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The Great Buck Howard
by Mel Valentin on Mar 20, 2009
Rating: 2.5 out of 5 stars.
Written and directed by Sean McGinly, The Great Buck Howard, is a satirical show business comedy loosely based on McGinly’s experiences as the road manager to the Amazing Kreskin, a once-famous, still-active mentalist. Featuring a likeable, if passive, central performance by Colin Hanks and an eccentric performance by the eccentric John Malkovich, The Great Buck Howard makes for light entertainment, enjoyable enough during its running time, but forgettable minutes after the end credits roll. For some moviegoers, that might be enough (especially if you’re a fan of either actor). For other moviegoers, it probably won’t be.
A law-school dropout with vague aspirations to become a writer, Troy Gable (Colin Hanks) finds work as the road manager for the “Great Buck Howard” (John Malkovich), a once-popular, once-famous mentalist who, as he constantly reminds Gable and anyone he meets, appeared on "The Tonight Show with Johnny Carson" 61 times. What Howard hesitates to admit, however, is that he’s never appeared on "The Tonight Show" with Carson’s successor Jay Leno. As a point man for Howard’s fossilized act, Gable criss-crosses the country’s lesser known cities and towns. Each time, Gable watches from the wings as Howard impresses small and large audiences with his mental feats, including the show’s capper, where Howard finds his night’s earnings after an audience member has hidden it.
But the recalcitrant, inflexible Howard initially refuses to modernize his act or admit that popular taste has little room or interest for an act created more than fifty years ago. Eventually, however, Howard decides to add a new “effect” (mentalists don’t care for the word “trick”) to his act: he’ll break the world record for putting the largest number of audience members to sleep. Howard picks Cincinnati as the city where he’ll unveil his act and sends for his longtime publicist to help. Instead, the publicity firm sends a younger, not-so-eager publicist, Valerie Brennan (Emily Blunt). Gable and Valerie hit it off, leaving the attention-starved Howard unhappy. Events eventually conspire to give Howard a second chance at fame, but not in the way he initially anticipated.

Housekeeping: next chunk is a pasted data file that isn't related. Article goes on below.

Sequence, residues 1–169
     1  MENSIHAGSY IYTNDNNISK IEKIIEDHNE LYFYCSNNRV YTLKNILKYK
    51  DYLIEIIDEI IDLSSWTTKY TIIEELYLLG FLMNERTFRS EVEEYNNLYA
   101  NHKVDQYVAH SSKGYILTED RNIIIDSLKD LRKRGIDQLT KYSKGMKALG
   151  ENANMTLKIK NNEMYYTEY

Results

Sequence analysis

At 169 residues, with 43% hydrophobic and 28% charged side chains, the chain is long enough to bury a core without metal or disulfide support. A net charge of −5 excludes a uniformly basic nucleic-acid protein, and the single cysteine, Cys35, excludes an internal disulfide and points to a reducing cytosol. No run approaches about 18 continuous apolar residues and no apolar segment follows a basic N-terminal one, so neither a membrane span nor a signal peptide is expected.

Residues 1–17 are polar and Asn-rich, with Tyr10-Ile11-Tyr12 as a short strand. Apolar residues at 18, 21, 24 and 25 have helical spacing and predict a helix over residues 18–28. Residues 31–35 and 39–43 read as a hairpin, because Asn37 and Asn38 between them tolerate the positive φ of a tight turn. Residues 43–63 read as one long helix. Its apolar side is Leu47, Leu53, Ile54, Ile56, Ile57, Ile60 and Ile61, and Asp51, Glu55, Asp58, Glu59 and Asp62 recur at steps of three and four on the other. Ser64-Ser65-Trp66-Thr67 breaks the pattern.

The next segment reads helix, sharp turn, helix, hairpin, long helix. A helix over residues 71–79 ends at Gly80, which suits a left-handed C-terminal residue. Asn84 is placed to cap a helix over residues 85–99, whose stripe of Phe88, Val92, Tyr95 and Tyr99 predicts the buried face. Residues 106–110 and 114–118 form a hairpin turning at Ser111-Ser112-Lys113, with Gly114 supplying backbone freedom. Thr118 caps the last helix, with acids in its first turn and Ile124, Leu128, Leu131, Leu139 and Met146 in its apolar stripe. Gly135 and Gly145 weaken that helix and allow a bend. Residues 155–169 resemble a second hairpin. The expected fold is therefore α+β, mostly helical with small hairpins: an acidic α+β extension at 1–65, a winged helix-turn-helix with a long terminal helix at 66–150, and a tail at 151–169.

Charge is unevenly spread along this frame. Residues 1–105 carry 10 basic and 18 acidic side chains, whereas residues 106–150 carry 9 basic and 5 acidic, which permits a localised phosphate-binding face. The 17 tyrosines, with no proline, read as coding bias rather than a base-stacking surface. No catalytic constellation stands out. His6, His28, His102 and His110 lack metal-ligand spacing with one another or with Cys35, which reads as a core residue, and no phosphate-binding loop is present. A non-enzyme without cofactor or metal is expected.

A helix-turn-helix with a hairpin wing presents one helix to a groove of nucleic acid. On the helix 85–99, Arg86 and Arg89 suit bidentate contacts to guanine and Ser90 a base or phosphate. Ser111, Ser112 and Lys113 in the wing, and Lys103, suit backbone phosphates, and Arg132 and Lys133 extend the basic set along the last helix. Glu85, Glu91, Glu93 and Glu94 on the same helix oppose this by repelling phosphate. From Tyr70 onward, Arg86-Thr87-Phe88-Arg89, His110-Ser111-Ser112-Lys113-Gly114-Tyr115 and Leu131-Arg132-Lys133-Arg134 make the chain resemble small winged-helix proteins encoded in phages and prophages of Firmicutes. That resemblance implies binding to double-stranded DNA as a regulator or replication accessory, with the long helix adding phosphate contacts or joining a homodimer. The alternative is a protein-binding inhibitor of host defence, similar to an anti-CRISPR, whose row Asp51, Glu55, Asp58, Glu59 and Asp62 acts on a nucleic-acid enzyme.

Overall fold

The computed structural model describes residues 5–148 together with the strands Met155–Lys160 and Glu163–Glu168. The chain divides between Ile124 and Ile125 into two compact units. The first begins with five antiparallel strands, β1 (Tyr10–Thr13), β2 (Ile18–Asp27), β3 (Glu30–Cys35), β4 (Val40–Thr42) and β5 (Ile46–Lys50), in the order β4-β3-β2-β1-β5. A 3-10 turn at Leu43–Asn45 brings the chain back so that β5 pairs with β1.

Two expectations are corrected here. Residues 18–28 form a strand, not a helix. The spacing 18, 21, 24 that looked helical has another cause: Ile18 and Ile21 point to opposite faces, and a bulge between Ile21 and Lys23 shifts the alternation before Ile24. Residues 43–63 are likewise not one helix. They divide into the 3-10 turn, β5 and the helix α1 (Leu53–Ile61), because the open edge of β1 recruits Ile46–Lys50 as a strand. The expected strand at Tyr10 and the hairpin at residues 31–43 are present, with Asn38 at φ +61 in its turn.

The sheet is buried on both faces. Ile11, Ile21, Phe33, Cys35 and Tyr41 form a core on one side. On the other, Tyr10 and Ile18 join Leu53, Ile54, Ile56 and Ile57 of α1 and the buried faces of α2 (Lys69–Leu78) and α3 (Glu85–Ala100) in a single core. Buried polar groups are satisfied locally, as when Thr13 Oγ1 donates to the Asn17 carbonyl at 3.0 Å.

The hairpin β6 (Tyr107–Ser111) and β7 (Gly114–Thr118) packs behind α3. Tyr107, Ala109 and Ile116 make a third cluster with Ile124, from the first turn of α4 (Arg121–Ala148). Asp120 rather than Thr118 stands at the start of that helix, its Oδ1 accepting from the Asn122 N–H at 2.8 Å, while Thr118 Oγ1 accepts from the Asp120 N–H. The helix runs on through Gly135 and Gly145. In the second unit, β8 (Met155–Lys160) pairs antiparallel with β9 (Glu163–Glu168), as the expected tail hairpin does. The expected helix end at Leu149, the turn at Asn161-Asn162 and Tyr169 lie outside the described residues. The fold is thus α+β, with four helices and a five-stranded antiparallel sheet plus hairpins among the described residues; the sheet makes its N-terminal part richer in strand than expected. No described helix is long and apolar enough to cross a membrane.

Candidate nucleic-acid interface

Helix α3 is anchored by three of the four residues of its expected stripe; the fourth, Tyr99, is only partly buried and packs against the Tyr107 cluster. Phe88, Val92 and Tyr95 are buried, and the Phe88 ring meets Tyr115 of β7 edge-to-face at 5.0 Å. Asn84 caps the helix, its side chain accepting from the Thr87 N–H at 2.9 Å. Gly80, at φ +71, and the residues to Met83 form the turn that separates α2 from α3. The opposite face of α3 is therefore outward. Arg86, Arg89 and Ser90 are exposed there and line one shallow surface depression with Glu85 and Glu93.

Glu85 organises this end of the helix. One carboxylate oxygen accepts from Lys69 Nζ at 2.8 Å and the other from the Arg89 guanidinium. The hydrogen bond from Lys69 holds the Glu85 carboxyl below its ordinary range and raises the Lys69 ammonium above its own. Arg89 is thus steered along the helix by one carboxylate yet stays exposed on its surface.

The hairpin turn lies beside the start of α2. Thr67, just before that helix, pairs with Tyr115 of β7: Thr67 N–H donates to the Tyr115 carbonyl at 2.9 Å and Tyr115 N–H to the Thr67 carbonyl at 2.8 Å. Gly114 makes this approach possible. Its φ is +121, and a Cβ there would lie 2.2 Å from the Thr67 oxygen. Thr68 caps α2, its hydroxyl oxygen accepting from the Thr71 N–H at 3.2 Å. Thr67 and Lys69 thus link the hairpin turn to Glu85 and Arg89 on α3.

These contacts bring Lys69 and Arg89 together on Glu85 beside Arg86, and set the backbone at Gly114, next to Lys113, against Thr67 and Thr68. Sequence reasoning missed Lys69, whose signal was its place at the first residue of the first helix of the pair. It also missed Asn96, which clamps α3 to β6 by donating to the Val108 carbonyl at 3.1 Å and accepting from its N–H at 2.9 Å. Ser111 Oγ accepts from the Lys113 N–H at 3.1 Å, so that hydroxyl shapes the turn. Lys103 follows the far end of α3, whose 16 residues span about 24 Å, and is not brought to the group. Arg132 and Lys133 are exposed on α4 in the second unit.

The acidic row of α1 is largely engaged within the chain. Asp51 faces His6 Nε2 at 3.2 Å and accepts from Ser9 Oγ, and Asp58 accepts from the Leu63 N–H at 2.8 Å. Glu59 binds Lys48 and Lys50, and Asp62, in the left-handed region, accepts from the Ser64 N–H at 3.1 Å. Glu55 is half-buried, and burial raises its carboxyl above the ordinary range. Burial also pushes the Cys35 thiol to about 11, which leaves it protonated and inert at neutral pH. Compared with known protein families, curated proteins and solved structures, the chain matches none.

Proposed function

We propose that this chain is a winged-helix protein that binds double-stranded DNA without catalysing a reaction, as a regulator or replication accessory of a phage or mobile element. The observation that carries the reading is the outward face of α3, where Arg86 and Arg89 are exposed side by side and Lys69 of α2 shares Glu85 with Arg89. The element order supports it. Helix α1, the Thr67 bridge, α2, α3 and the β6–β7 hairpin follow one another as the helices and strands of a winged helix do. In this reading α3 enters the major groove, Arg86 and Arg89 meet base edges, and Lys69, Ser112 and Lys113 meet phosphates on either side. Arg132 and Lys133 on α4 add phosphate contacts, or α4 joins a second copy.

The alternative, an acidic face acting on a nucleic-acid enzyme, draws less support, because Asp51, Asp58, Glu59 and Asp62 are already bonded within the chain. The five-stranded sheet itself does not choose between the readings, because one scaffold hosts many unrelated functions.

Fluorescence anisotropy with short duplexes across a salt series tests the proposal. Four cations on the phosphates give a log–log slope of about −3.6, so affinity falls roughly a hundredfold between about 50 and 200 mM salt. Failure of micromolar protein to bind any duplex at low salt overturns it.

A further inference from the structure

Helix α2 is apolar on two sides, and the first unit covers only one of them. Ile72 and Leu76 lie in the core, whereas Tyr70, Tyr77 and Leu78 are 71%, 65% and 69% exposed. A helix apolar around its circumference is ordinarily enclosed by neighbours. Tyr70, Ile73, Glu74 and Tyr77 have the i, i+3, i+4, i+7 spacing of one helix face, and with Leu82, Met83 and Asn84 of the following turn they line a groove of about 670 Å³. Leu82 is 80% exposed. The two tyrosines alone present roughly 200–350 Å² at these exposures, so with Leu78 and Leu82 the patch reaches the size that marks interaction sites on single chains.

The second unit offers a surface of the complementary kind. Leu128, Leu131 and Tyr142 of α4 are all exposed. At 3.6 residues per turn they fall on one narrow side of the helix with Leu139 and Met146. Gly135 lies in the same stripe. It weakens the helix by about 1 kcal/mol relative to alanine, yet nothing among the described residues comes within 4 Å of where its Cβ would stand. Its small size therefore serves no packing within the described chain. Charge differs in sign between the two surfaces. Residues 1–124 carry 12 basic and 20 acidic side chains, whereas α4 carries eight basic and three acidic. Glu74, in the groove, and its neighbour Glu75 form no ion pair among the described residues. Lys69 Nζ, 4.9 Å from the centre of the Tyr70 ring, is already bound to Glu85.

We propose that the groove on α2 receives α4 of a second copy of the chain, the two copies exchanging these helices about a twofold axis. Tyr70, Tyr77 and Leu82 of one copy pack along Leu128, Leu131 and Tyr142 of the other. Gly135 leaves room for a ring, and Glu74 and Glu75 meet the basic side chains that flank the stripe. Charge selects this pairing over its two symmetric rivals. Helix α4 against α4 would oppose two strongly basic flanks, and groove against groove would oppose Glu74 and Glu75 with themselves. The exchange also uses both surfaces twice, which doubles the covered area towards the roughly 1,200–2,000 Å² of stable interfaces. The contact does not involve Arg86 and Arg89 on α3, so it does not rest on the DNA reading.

Taking his cues from the plethora of “write what you know” screenwriting instruction manuals, McGinley drew on his experiences as an assistant to the Amazing Kreskin in creating the Gable character. As a central character, Gable’s on the well-worn, well-trod path toward self-discovery. Unfortunately, McGinley wrote Gable as a passive character, an observer who, through ubiquitous, redundant voiceover narration, comments on his occasionally farcical experiences. While McGinley deserves credit for injecting Gable’s voice-over narration with numerous jokes, it’s clear that McGinley couldn’t (or, to be fair, didn’t) want to write an active character. Instead, that role falls to Howard, a washed up performer, a legend in his own mind (and no one else’s).
On the plus side, McGinley picked John Malkovich to essay the egotistical, delusional, obnoxious, but strangely compelling Howard. Rarely, if ever, a subtle performer, Malkovich uses his penchant for overbroad characterizations and idiosyncratic verbal and physical tics to create a flawed, but no less sympathetic character, a character living in a constant state of denial who, for better or worse, has analogues in the real world, and lives off the effluvia of fame. Colin Hanks does what he can with an underwritten role, but it’s Emily Blunt as the brusque publicist who gives the more memorable performance.
To keep the satire going, McGinly included cameos by a semi-impressive group of B-,
C-, and D-listers and television personalities (e.g. George Takei, Tom Arnold, Conan O’Brien, Jon Stewart, Martha Stewart, Regis Philbin, Kelly Ripa) and well-known actors in supporting roles (Steve Zahn, Griffin Dunne). He even gives magician Ricky Jay a supporting role as the Great Buck Howard’s agent. Oh and Tom Hanks, one of The Great Buck Howard’s producers and Colin’s father, steps in for two non-key scenes as Gable’s father.
by Mel Valentin on Mar 20, 2009